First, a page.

Reviews

#BookReview The Lido by Libby Page (@LibbyPageWrites) @OrionBooks #LoveTheLido

About the book

The Lido is published by Orion and was first available on 19th April 2018 in hardback and digital forms, and from 4th April 2019 in paperback.

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Meet Rosemary, 86, and Kate, 26: dreamers, campaigners, outdoor swimmers.

Rosemary has lived in Brixton all her life, but everything she knows is changing. Only the local lido, where she swims every day, remains a constant reminder of the past and her beloved husband George.

Kate has just moved and feels adrift in a city that is too big for her. She’s on the bottom rung of her career as a local journalist, and is determined to make something of it.

So when the lido is threatened with closure, Kate knows this story could be her chance to shine. But for Rosemary, it could be the end of everything. Together they are determined to make a stand, and to prove that the pool is more than just a place to swim – it is the heart of the community.

The Lido is an uplifting novel about the importance of friendship, the value of community, and how
ordinary people can protect the things they love.

My thoughts

As soon as I heard about The Lido, early last year, I knew I wanted to read it alongside the sunnier days, but as spring turned into summer, and summer into Autumn I was once again drowning in my TBR pile! I told myself that I must read it the following spring… and I did, and I’m so glad I did!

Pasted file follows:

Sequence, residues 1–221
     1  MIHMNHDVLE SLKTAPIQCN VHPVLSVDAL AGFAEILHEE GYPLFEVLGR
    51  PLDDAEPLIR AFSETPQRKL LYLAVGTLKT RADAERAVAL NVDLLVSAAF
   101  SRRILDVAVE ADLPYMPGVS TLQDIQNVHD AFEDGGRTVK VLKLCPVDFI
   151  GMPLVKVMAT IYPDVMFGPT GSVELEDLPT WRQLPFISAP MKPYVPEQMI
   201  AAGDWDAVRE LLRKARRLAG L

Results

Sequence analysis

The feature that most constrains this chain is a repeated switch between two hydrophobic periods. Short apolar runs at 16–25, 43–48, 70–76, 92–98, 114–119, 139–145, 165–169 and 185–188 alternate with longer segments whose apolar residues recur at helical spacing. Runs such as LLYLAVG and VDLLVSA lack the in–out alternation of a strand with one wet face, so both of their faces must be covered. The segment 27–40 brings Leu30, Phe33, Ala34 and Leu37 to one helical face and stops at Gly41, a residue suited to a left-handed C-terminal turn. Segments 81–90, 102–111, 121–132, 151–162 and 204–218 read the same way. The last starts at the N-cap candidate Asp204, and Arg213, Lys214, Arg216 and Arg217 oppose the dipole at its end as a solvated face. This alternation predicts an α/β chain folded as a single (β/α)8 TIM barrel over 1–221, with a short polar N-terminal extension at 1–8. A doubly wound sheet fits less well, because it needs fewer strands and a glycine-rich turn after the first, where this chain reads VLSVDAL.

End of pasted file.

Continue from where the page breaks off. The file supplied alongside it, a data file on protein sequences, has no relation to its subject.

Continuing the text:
The Lido is a story following two women at opposite ends of their life. Kate, 26 and Rosemary, 86. Kate is a journalist for local newspaper the Brixton Chronicle. Still struggling to adjust to life in London, she feels she’s just existing rather than living; no friends and suffering from self doubt, anxiety and panic attacks. Meanwhile, Rosemary has lived in Brixton all her life; watching it slowly change as the years go by. Now, recently widowed, she’s finding it hard to adjust to life without her beloved husband George, but she still has the other one constant in her life, The Lido, where she has swum almost everyday since she was a young girl and where her memories of him always are. Until it’s threatened with closure…

When Kate is assigned to write a piece on the impending closure of The Lido she meets Rosemary and a burgeoning friendship begins to develop between these two women. For what is initially just a job for Kate, turns out to be the awakening she needs!

The Lido is what it is; it’s not flashy or twisty, it’s just what I’d call a real lovely story focusing on friendship and community – the young, old, various races and cultures coming together to fight for something that links them all. Rosemary is the heart of this novel; fiery, stubborn, passionate, and as wise as an owl – she’s the lynchpin of this community. There’s a spark to her which really comes alive in the entwined love story running throughout the novel of her life with George – in some of the moments she relives you see she’s got a very mischievous streak which provides both humorous and the most tender of moments. It took me a while longer to warm to Kate but I liked watching her confidence grow and become her own.